The Harvard Law Review has published a proposal for supposedly enhancing a better democracy than that which the Federal (not really) government now oversees. The proposal has no official name but is born, it would appear, from the same milieu as the French Revolution i.e, power to the people—that is, the mob. Harvard Review proposes what effectively amounts to a national state-led by mob leaders in Washington.

This would come about, as per the proposal, by a congressional majority vote of dividing the District of Columbia into 127 neighborhoods which in turn (by congressional majority vote) would become 127 states. Each state would, of course, have two Senators and a single representative. Each state would be approximately 320 acres.

This new arrangement would give the magnificent morons in the current national capital control of everyone else from sea to shining sea. Government of and by New York City law and California morality. America the Beautiful.  A modern French Revolution. Heads would roll. A Robespierre delight.

But this proposal really is a result of something that conservatives and Republicans (not always the same) have brought upon themselves. And without a rally to reclaim history from the Eric Foner revisionists, this is the American future. Total rule from Washington. There truly will be an “exceptionalism.”

That “bringing” is the constant promotion that the United States is not a Union of States, but an amalgamation of states created magically in 1776. This is the Eric Foner nonsense that is peddled whereby States have no sovereign rights. They may abide in the union only as long as they behave. And if they don’t behave, they will stay anyway under any number of so-called civil rights laws.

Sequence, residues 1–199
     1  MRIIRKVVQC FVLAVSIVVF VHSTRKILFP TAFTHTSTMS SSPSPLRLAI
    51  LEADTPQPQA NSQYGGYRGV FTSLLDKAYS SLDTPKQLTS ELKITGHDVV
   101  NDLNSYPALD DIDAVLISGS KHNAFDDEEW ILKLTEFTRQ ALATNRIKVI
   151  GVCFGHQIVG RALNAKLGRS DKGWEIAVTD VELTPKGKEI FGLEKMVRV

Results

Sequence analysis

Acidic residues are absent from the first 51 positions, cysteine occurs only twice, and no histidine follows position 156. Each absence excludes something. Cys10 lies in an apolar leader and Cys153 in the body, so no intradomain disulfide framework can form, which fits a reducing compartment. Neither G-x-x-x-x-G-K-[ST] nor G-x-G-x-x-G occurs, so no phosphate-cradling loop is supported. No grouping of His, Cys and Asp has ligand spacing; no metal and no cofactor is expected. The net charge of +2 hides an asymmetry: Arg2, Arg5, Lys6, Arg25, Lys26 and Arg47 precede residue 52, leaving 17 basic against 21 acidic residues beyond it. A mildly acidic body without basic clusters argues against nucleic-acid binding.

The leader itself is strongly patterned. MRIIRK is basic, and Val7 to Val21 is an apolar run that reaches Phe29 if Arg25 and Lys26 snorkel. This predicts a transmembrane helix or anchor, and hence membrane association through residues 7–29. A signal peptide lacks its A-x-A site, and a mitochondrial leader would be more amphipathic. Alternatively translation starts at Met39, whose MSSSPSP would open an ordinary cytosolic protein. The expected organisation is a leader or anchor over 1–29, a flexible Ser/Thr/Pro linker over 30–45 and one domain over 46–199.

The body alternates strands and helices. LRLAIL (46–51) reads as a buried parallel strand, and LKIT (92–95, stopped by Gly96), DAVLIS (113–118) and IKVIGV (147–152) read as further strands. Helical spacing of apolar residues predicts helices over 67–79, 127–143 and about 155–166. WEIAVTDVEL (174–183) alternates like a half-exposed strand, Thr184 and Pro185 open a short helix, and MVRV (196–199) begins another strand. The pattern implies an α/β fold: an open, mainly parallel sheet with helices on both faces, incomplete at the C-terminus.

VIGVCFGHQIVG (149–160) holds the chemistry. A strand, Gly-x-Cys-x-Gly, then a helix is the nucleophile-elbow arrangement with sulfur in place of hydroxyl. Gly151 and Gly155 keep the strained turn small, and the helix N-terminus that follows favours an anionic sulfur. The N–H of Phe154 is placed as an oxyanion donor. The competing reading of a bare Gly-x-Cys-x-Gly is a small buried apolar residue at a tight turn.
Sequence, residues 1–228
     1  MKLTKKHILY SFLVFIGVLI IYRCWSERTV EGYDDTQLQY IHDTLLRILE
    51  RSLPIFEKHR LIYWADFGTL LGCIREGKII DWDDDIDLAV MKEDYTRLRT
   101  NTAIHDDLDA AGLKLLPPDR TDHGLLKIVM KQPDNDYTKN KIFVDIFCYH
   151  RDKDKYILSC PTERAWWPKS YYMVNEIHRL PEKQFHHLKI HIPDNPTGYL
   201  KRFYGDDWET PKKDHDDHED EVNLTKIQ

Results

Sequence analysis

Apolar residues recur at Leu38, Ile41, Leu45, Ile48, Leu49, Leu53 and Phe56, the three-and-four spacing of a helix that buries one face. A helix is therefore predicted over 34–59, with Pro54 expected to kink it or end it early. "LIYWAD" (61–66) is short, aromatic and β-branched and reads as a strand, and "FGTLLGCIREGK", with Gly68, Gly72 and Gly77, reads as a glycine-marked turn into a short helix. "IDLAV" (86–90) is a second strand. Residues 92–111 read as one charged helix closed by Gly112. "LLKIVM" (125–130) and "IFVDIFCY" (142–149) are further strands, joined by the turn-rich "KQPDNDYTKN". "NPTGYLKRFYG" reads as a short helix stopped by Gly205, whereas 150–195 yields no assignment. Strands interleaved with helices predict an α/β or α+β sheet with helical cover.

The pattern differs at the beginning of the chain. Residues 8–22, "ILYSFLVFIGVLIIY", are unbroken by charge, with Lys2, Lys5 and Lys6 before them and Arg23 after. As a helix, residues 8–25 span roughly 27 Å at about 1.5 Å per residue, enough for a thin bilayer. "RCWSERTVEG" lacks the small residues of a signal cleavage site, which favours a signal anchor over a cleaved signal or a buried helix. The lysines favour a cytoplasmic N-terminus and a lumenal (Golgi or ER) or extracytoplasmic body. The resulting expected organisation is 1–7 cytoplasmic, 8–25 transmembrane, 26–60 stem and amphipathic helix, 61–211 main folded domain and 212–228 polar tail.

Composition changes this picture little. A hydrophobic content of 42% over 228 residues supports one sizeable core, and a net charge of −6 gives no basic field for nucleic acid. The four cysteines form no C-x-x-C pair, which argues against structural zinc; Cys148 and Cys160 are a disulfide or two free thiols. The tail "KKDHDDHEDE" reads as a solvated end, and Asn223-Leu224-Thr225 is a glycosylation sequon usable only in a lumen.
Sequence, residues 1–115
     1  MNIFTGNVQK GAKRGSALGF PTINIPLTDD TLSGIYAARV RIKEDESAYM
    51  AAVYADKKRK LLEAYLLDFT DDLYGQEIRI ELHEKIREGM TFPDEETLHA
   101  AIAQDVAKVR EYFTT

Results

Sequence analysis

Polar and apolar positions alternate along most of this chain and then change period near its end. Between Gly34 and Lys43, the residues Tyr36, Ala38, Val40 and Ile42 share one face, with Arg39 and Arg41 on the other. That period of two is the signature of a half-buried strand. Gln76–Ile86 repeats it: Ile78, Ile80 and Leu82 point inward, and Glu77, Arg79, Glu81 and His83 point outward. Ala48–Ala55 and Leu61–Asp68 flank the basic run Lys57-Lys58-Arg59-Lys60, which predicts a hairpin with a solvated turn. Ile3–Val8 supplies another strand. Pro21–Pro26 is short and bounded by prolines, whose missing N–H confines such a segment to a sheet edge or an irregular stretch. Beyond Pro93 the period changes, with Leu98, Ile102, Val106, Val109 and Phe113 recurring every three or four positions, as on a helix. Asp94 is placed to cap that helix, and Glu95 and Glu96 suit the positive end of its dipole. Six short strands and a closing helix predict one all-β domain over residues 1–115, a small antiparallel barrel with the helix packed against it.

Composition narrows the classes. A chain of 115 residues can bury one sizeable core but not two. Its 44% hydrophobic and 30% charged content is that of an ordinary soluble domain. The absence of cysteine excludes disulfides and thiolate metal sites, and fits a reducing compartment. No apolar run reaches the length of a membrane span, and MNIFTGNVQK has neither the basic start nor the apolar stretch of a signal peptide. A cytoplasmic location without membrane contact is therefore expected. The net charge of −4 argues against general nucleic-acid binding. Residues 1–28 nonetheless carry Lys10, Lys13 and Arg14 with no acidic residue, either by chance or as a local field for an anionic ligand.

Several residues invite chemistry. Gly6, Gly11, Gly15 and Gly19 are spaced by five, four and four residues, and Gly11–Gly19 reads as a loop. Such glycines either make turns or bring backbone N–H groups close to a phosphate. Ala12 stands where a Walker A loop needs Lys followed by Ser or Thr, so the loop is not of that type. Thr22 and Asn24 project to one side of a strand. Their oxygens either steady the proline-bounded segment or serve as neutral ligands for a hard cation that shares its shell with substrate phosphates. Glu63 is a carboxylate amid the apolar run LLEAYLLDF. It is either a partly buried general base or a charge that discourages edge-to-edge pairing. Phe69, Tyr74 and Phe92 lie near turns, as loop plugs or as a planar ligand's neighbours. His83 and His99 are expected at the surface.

The belief seems to be that the states upon ratification of the Constitution (years after 1776) surrendered their sovereignty to a national (called federal) government. This white flag gesture made them no more than what county governments are in relation to their appropriate state.

And now these conservatives claim that the people are protected by the Electoral College; that is, they claim, the reason the founders put it in was to protect the small states (population) from the large ones. Nonsense! It was in there because sovereign states voted, and not a national conglomeration of people.  The people weren’t voting for or against Hillary. The states were.

The Harvard proposal it claims is to fix America’s “broken democracy.”

Every state, in the union, is supposed to be guaranteed a republican form of government–not a democratic form.

What about its broken republic? 

Why are Virginians begging for their God-given rights to keep and bear arms (not government-given) from the state of Virginia?

Why is it that babies who are guaranteed life, liberty and the pursuit of happiness while lying “comfortably” in a hamper waiting to get their brains crushed should beg, if they could talk, for the state of Virginia to do them no harm?

Governing foreseen by the Founders, except for foreign-born Hamilton nationalists, was to be local. It was to be from the sovereign states they were part of. Nullification was righteous and proper. Secession was righteous and proper.  Theirs was a republic of republics; republics comprised of sovereign governments.

Now that great sanctuary of brilliance, Harvard Law School, manned by modern Jacobins sees a new “age of reason.” A land where 127 oligarchs created in Washington D.C. will be the U.S. Committee of Public Safety.

Even Robespierre thought such was a good idea until one day when he found himself on his knees with his hands behind his back, and a huge blade of steel racing toward his neck.

Hail to The Crimson– and the Foners. All foolishness is carried out by fools.

Paul H. Yarbrough

I was born and reared in Mississippi, lived in both Louisiana and Texas (past 40 years). My wonderful wife of 43 years who recently passed away was from Louisiana. I have spent most of my business career in the oil business. I took up writing as a hobby 7 or 8 years ago and love to write about the South. I have just finished a third novel. I also believe in the South and its true beliefs.

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